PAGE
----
Eventually, fundamentalist Christianity came along. Picture, if you will, a 13-year-old girl in the throes of puberty, lost in a spinning dance outdoors at the Jesus Northwest Festival. Somewhere in the middle of that crowded field, I met the holy spirit face-to-face (it was red, all red), fell on the grass, and, to this day, still don't know whether I laughed or wept. I hadn’t been chosen by Jesus or Magic or Aliens, but by God Himself! I’m still not exactly sure what happened to me that evening, but I do know that my body was aroused, my mind was open, the music was loud, and I felt, for the first time in my life, unconditional love.
I gave up on organized religion shortly thereafter, realizing hypocrisy at the ripe old age of 15 or so. At least I can say my foray into the born-again realm was short-lived. But the intensity of that evening has never left me. I have recreated it at other times in my life, with Dead shows or drugs or dancing or sex, but nothing has ever come close to that first time.
People who don’t understand evangelicals have never had this kind of experience, I would presume. They dismiss with disgust the swaying worshippers in New Life with their hypnotic music, hands in the air. I don’t laugh at them because I understand their desperate need to belong, to know someone loves them, to be chosen.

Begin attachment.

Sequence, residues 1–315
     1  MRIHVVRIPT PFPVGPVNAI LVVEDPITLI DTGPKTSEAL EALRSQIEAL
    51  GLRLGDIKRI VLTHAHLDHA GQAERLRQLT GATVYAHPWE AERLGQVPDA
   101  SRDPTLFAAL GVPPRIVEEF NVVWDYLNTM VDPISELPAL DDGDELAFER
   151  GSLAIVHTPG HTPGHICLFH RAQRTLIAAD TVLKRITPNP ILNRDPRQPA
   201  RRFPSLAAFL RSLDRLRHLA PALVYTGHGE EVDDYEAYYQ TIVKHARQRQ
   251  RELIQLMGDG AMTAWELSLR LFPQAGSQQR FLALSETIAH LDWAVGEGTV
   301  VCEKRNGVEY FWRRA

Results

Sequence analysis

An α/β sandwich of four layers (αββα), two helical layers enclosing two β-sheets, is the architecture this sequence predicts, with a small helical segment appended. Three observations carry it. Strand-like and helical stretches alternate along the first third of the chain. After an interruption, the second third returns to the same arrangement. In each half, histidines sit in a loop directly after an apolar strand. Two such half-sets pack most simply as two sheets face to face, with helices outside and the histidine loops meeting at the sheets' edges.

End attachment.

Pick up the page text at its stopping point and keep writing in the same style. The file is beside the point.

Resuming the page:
The thing about fundamentalists of all religions is that they KNOW they are chosen, and there is something powerful and soothing in that. And terribly, terribly frightening. If you believe you are chosen, you have all things instantly: faith, purpose, meaning, and all the right answers.
All this leads me to my own young children at this time of year, so willing to believe in Santa. Santa tells you that you are special... he reads YOUR letters, comes to YOUR house, knows just what YOU want. He feeds an ancient, holy, human need. For my older one, it is almost a desperate need. It seems as if he is clinging to his faith in Santa, even though he knows the truth already.
Younger: “I don't get it, I mean how do the reindeer actually FLY? And how does Santa get EVERYWHERE in one night with all those presents?"
Older: “Duh!.... MAGIC!” This one, he has all the answers. No questions asked. He believes fervently in dragons, ghosts, monsters, and magic. He believes all movies are real, no matter what we tell him to the contrary. He would believe in God so easily, if we just let him.
What I feel compelled to do now, more than anything, is to let people (my children, my students, random strangers on the street, my beloved few readers....) know that they are chosen. Maybe not for something great, but at least for something important. Something good, with meaning, that is ultimately larger than themselves. We cannot hope or pray or wish or will things into existence. We cannot make others come to us. We may have been abandoned, or we may just feel abandoned, but we can choose as well as be chosen. With this knowledge, comes power.
And what I know so deeply and painfully in my heart is this: If we don't let our kids know each and every fucking day of the year that we CHOSE them, that we love them NO MATTER WHAT, then SOMETHING ELSE WILL! It might be fundamentalist religion or a sexual predator or the wrong kid at the wrong time or shopping or addiction. Because to feel powerless and unloved in this world will make you a victim.
“Pick ME! Choose ME! Love ME!” Meredith pleads, begs, wails to McDreamy somewhere during the second (or third?) season of Grey’s Anatomy. Because it sucks not to be the chosen one.